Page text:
Bearing all this in mind, more than 550 Croatian scientists have joined that global call for climate emergency by submitting A Plea for Systematic Climate Action to Croatian state authorities in January 2020. In this way, Croatian scientists, in numbers and unity rarely achieved, stepped out from a purely academic to the political field, clearly saying that for them further ignorance of scientific facts to the detriment of future generations became unacceptable. They underlined that only a systematic action, covering all sectors of human activity and all scientific fields, can lead to necessary change. In line with this, energetic transformation is crucial. However, it is not sufficient in itself, but must be based on the principles of justice, which then altogether lead to a positive social change.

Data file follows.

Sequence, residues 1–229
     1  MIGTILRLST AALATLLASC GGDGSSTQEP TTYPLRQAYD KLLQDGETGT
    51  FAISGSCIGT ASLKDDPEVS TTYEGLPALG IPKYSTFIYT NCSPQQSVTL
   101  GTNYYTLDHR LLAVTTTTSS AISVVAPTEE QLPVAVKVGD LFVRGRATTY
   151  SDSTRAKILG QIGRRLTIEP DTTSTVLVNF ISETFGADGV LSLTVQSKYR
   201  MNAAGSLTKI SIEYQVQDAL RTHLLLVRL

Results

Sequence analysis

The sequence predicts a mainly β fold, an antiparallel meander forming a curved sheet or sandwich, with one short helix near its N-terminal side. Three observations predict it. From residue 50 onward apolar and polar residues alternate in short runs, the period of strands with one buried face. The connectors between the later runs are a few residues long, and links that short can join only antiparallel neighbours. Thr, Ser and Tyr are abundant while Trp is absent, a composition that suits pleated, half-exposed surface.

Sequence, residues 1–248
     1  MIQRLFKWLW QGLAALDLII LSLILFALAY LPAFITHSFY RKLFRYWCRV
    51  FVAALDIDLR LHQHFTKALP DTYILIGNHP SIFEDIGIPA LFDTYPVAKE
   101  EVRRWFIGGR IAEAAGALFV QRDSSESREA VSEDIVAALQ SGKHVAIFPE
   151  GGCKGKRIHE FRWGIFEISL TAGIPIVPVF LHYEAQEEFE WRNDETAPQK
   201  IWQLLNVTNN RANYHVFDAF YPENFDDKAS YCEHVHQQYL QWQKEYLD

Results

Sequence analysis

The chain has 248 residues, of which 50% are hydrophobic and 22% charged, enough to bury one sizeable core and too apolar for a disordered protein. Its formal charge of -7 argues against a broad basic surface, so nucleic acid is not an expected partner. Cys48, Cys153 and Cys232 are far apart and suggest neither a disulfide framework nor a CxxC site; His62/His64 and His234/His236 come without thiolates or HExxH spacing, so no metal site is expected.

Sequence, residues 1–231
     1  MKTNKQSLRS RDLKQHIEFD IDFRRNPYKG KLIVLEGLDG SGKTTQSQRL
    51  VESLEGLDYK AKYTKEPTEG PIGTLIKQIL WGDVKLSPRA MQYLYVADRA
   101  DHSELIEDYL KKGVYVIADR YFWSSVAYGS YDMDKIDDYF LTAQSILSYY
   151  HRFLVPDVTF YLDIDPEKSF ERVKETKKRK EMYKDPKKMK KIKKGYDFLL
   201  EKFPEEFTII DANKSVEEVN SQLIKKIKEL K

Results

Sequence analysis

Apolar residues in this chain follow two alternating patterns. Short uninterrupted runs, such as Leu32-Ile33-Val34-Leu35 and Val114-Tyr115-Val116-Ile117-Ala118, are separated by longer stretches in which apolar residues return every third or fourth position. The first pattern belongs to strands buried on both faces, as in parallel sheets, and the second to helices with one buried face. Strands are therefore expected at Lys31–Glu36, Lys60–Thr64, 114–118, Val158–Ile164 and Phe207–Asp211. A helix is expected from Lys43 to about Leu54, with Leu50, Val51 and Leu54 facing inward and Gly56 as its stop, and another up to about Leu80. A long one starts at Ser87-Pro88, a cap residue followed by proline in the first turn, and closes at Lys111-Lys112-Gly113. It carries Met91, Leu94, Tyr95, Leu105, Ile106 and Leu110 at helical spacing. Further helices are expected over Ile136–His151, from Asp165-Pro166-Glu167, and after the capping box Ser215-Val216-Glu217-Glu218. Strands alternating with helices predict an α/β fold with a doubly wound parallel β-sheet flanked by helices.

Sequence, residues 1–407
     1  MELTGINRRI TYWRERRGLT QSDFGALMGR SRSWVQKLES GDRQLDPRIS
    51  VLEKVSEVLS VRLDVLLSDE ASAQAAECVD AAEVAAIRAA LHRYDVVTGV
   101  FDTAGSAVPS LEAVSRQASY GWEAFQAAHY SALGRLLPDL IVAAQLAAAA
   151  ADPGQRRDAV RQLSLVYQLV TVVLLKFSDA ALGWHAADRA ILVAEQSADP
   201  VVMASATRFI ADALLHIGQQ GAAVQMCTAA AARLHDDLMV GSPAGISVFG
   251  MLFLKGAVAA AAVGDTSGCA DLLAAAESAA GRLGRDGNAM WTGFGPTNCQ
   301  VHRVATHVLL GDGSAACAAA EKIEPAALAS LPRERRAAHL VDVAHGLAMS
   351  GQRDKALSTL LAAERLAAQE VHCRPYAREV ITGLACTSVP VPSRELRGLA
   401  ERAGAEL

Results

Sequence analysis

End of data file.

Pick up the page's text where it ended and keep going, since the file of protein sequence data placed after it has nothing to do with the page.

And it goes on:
It is well recognized that renewable energy sources, accompanying efficient energy storage systems that overcome their inherent production and consumption intermittence, play a crucial role in energetic transformation to a zero-emission post-carbon society. They also have a unique potential to transform our entire way of living. The notion that variable solar and wind energy will require backup conventional fossil fuel power to prevent power lapses for decades to come has become a kind of modern-day urban myth, spread to a large extent by the gas industry. It is simply not true.7 Battery storage and hydrogen fuel-cell storage at rapidly declining costs can easily provide backup power to compensate for the variability of solar and wind generation. Choosing the appropriate mix of solar and wind power, recognizing the variability of each of these energies during different seasons relative to the variability in power demands at different times of the year, also helps maintain a dependable flow of electricity. Better management on the demand side, upgrading the grid code, and accelerating the transition from a servomechanical to a digital grid, making it smarter and more efficient at integrating electricity between base and peak load times, are equally suited to the task of maintaining the stability of electricity demand.